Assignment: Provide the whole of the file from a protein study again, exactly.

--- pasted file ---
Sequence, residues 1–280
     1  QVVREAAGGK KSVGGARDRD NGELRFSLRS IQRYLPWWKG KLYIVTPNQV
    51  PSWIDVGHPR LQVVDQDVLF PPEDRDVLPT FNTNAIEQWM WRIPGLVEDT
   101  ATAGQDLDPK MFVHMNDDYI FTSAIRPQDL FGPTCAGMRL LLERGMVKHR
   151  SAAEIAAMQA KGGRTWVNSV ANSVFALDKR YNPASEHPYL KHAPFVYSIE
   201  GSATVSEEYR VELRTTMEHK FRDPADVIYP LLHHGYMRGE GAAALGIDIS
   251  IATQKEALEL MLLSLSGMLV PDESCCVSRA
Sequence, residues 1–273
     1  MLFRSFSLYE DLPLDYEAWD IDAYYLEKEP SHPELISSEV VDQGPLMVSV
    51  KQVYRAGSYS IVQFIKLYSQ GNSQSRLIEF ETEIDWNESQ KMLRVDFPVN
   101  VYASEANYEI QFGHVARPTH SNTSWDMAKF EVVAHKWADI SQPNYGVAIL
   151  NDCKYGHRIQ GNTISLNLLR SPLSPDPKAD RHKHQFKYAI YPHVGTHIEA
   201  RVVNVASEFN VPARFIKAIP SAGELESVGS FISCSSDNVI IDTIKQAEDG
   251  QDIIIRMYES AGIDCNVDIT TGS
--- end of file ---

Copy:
Sequence, residues 1–280
     1  QVVREAAGGK KSVGGARDRD NGELRFSLRS IQRYLPWWKG KLYIVTPNQV
    51  PSWIDVGHPR LQVVDQDVLF PPEDRDVLPT FNTNAIEQWM WRIPGLVEDT
   101  ATAGQDLDPK MFVHMNDDYI FTSAIRPQDL FGPTCAGMRL LLERGMVKHR
   151  SAAEIAAMQA KGGRTWVNSV ANSVFALDKR YNPASEHPYL KHAPFVYSIE
   201  GSATVSEEYR VELRTTMEHK FRDPADVIYP LLHHGYMRGE GAAALGIDIS
   251  IATQKEALEL MLLSLSGMLV PDESCCVSRA
Sequence, residues 1–273
     1  MLFRSFSLYE DLPLDYEAWD IDAYYLEKEP SHPELISSEV VDQGPLMVSV
    51  KQVYRAGSYS IVQFIKLYSQ GNSQSRLIEF ETEIDWNESQ KMLRVDFPVN
   101  VYASEANYEI QFGHVARPTH SNTSWDMAKF EVVAHKWADI SQPNYGVAIL
   151  NDCKYGHRIQ GNTISLNLLR SPLSPDPKAD RHKHQFKYAI YPHVGTHIEA
   201  RVVNVASEFN VPARFIKAIP SAGELESVGS FISCSSDNVI IDTIKQAEDG
   251  QDIIIRMYES AGIDCNVDIT TGS